After a (very) long break it is great to be blogging again. You’ve probably noticed that the site has been down for a while. Well, now it is back online!
Before going offline earlier this year my blog had about 388,000 visits from all around the world. Thanks for clicking through to read about my spirited adventures through Scotland, Italy and Australia.
The M&H distillery claims to be the first whisky distillery in Israel. Its name “M&H” stands for “Milk and Honey”, which on my guess is a reference to the biblical Israel being referred to as the land of milk and honey. The M&H distillery distils and matures its whisky in the Israeli city of Tel Aviv, which sits near the coast of the Mediterranean sea.
The distillery’s flagship single malt is called, perhaps predictably, the “Classic”. It is comprised of whiskies that have been aged in ex-bourbon and ex-red wine “STR” casks. The term “STR” stands for Shaved, Toasted and Re-charred. So, an STR cask would be a cask that had some of the wine stained oak shaved away before it is toasted and re-charred. This shaving off of some of the red wine staining, as you’d expect, turns the cask into something between a red-wine cask and a new “virgin” oak cask.
Colour: Pale straw
Smell: Light and fragrant, with very clean cereal notes and the smell of a barley rich wash. This is a young whisky which has some soft red berry, caramel and wood tannin aromas.
Taste: The whisky has big bold orange peel flavour and surprisingly heavier red wine flavours than the nose suggests, but what particularly dominates this whisky is the taste of oak – there are lots of tannins that taste like tea leaves and cocoa, and towards the finish the wood takes on a peppery and spicy tone.
Finish: Tannin rich, the finish tastes of tea leaves and spicy tobacco.
Overall: This is a young whisky with lots of mouth puckering tannic wood flavour, perhaps a reflection that when whisky ages in warmer climates like Israel it will have more interaction with oak casks than it would in colder climates, like Scotland. Climate seems to influence the way whisky matures, and this new Israeli whisky is yet another example of the way warmer climates can produce unique whiskies that can be wood driven and yet still retain the malty profile of a young single malt whisky.
It was June 2018, and we had zigzagged our way around the cobble stone streets of Rome, the hilly Tuscan towns of Pienza and Montepulciano, the picturesque seaside village of Lacco Ameno in Ischia, the ruins of Pompeii, and, finally, the chaotic city of Naples.
About one hundred years ago, shortly after the United States introduced prohibition, the residents of Templeton, a small town in Iowa, started bootlegging hooch made from molasses. It wasn’t long until this hooch found its way to the speakeasies of Chicago, where, the story goes, it was discovered by mobster Al Capone. Back in 1920s Templeton, stills remained hidden under pigeon pens and code (such as white horses being placed in front of farmhouses) was used to signal that new batches were ready for distribution. When prohibition ended in 1933, though, Templeton’s story fell silent and the brand was forgotten as whiskey makers eventually dominated the (now legal) market. But, in 2006, a brand of whiskey called “Templeton Rye” was created to pay tribute to Templeton’s bootlegging past, and now this (very much legal) whiskey is available in the United States, Canada and Australia.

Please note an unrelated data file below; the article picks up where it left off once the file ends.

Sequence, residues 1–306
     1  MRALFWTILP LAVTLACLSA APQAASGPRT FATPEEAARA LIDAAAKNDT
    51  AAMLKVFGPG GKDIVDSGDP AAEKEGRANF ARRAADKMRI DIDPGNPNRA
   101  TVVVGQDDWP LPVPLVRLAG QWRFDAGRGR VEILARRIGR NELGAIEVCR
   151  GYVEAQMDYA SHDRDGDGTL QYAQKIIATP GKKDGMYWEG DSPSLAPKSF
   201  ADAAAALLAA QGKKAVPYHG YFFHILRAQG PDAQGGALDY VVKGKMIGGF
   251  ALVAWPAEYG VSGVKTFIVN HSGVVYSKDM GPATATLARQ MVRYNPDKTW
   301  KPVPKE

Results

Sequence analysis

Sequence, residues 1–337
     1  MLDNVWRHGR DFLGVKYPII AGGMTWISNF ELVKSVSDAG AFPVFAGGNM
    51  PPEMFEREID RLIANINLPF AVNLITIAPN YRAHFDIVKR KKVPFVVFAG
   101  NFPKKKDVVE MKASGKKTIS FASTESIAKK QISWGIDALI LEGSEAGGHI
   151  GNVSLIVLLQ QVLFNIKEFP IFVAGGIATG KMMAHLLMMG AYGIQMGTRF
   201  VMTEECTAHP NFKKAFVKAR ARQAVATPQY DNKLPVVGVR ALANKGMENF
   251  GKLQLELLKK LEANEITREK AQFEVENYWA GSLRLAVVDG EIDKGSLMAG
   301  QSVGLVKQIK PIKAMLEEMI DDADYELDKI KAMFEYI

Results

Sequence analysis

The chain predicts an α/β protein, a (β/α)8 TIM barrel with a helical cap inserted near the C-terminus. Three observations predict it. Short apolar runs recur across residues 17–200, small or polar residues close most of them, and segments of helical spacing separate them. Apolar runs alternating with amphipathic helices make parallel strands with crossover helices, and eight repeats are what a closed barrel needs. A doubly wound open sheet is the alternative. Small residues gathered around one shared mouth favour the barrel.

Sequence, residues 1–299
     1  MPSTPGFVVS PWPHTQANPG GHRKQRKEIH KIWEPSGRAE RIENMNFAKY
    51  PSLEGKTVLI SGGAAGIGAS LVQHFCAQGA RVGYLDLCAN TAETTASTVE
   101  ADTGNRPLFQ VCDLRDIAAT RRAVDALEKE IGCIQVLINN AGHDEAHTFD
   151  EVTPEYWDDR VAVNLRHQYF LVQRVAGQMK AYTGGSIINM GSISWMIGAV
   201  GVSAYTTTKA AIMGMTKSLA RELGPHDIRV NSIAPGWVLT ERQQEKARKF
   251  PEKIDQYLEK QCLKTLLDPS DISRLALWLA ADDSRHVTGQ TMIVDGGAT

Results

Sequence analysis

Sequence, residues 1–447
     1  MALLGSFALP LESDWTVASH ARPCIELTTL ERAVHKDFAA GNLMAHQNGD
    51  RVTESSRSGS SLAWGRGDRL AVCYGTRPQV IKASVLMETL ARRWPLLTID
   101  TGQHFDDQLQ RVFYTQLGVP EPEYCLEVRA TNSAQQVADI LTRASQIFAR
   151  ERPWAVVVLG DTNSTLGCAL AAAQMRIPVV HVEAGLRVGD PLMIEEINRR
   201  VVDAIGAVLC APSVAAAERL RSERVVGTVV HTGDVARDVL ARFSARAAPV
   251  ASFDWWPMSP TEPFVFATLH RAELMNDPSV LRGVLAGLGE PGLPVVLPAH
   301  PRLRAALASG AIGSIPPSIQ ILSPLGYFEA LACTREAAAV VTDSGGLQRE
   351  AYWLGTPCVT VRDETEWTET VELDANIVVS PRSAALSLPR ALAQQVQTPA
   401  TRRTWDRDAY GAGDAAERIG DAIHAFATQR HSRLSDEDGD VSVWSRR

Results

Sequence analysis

Compass Box are whiskymakers who craft whisky by blending whiskies from different distilleries and batches, thereby creating unique flavour profiles from what is essentially a concoction of “ingredient” whiskies. This is the art of whisky blending. Blending to create a whisky that matches the blue print in one’s mind is much harder than it sounds or looks (as I learned aboard the Glenfiddich Whisky Wanderer!). Trying to unpack a whisky blender’s creation is even harder. To help unravel their complex whiskies, though, Compass Box provide a break down of the “ingredients” that go into each of their whiskies. Trying to piece together the puzzle of a Compass Box whisky by smell and taste is, in my experience, a lot of fun.
The newly released trio of limited edition Compass Box whiskies that sit before me ready to be tasted are Compass Box The Circle, Compass Box Affinity, and Compass Box No Name No. 2.
On a particularly cold Friday evening I ventured into the Melbourne Good Food and Wine Show on Glenfiddich’s invitation to board the Glenfiddich Whisky Wanderer, a 1972 vintage bus which has been converted into a whisky bar on wheels! Australian chef Matt Moran introduced us to what he loved about Glenfiddich and then the distillery’s brand ambassador, Luke Sanderson, took us on board for a very special evening of whisky tasting and blending, and to craft our very own Glenfiddich single malt from the three core ingredients used to create Glenfiddich’s 15 year old solera.
Valero and Elisa Jimenez established the Joadja Distillery in Joadja town which sits about 140km southwest of Sydney in the Southern Highlands of New South Wales, Australia. The Joadja distillery may be a relatively new Australian whisky distillery but it already has a fascinating story. The tale includes an Australian ghost town and a couple of Scotch style single malt sherry bombs which, like the owners of the distillery, trace their roots back to Spain.
The Launceston Distillery is based at Launceston Airport’s Hangar 17, which is just a short drive south of Tasmania’s north coast and some world-class vineyards that sit along the Tamar Valley. Launceston – which is Tasmania’s second largest city behind Hobart – has for a long time been a foodie hub, with nearby wineries and farms producing some of Australia’s finest pinot noir and cheese. Now, the Launceston Distillery seems keen to add whisky to that list. Continue reading “Launceston Distillery’s Apera and Tawny matured Tasmanian Single Malt Whisky”→